Common Sense


Common Sense , it must be said, is lacking in close rigor of argumentation. Again and again Paine’s logic can be seen to be grossly deficient. His impatience with following through with his arguments at certain points becomes almost amusing. In the fourth and final section, for example, which is on America’s ability to achieve and maintain independence, Paine argues that one of America’s great advantages is that, unlike the corrupt European powers, it is free of public debt, a burden that was well known to carry with it all sorts of disabling social and political miseries. But then Paine recognizes that mounting a full-scale war and maintaining independence would inevitably force America to create a national debt. He thereupon proceeds to argue, in order, the following: 1) that such a debt would be “a glorious memento of our virtue”; 2) that even if it were a misery, it would be a cheap price to pay for independence and a new, free constitution—though not, for reasons that are not made entirely clear, a cheap price to pay for simply getting rid of the ministry responsible for all the trouble and returning the situation to what it was in 1764: “such a thought is unworthy a man of honor, and is the true characteristic of a narrow heart and a peddling politician.” Having reached that point, he goes the whole way around to make the third point, which is that “no nation ought to be without a debt,” though he had started with the idea that the absence of one was an advantage. But this new notion attracts him, and he begins to grasp the idea, which the later federalists would clearly see, that “a national debt is a national bond”; but then, having vaguely approached that idea, he skitters off to the curious thought that a national debt could not be a grievance so long as no interest had to be paid on it; and that in turn leads him into claiming that America could produce a navy twice the size of England’s for i/aoth of the English national debt.

As I say, close logic, in these specific arguments, contributes nothing to the force of Common Sense . But the intellectual style of the pamphlet is extraordinarily impressive nevertheless, because of a more fundamental characteristic than consistency or cogency. The great intellectual force of Common Sense lay not in its close argumentation on specific points but in its reversal of the presumptions that underlay the arguments, a reversal that forced thoughtful readers to consider, not so much a point here and a conclusion there, but a wholly new way of looking at the entire range of problems involved. For beneath all of the explicit arguments and conclusions against independence, there were underlying, unspoken, even unconceptualized presuppositions, attitudes, and habits of thought that made it extremely difficult for the colonists to break with England and find in the prospect of an independent future the security and freedom they sought. The special intellectual quality of Common Sense , which goes a long way toward explaining its impact on contemporary readers, derives from its reversal of these underlying presumptions and its shifting of the established perspectives to the point where the whole received paradigm within which the Anglo-American controversy had until then proceeded came into question.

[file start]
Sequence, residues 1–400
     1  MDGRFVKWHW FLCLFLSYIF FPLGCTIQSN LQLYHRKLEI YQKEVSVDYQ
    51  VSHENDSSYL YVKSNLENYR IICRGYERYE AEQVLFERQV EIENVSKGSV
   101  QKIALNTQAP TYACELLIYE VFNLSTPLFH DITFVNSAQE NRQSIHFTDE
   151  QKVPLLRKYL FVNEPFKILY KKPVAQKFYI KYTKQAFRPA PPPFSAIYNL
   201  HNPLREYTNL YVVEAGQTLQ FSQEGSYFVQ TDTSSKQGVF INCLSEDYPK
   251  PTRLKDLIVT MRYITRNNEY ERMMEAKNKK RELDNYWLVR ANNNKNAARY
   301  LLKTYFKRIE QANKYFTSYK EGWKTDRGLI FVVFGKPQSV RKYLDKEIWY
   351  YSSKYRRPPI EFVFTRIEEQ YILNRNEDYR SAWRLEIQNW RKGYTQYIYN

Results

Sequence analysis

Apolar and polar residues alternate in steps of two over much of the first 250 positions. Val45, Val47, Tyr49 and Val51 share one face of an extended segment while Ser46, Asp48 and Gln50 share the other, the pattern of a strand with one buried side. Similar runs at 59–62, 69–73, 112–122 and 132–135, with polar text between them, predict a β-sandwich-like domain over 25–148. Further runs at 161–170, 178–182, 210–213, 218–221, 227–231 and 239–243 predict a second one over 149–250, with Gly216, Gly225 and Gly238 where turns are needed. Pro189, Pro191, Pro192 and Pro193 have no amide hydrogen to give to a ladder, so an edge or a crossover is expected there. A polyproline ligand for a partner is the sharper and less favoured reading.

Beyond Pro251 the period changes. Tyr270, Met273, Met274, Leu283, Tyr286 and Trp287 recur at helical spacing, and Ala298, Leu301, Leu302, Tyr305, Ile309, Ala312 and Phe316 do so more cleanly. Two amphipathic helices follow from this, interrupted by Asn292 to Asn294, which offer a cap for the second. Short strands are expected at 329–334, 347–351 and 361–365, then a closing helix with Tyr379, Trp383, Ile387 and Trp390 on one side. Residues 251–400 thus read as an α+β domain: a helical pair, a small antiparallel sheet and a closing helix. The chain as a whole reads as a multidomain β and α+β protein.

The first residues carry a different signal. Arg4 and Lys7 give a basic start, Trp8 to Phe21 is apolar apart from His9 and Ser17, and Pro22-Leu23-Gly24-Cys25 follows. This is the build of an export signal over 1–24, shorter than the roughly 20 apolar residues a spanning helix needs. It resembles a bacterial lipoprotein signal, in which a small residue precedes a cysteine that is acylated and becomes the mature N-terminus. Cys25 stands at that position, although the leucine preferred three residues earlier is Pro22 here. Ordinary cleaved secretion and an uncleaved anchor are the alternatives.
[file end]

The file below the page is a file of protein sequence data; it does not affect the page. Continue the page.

No one set of ideas was more deeply embedded in the British and the British-American mind than the notion, whose genealogy could be traced back to Polybius, that liberty could survive in a world of innately ambitious and selfish if not brutal men only where a balance of the contending forces was so institutionalized that no one contestant could monopolize the power of the state and rule without effective opposition. In its application to the Anglo-American world this general belief further presumed that the three main socioconstitutional contestants for power—the monarchy, the nobility, and the people—had an equal right to share in the struggle for power: these were the constituent elements of the political world. And most fundamental of all in this basic set of constitutional notions was the unspoken belief, upon which everything else rested, that complexity in government was good in itself since it made all the rest of the system possible, and that, conversely, simplicity and uncomplicated efficiency in the structure of government were evil in that they led to a monopolization of power, which could only result in brutal state autocracy.

Paine challenged this whole basic constitutional paradigm, and although his conclusions were rejected in America—the American state and national governments are of course built on precisely the ideas he opposed—the bland, automatic assumption that all of this made sense could no longer, after the appearance of Common Sense , be said to exist, and respect for certain points was permanently destroyed.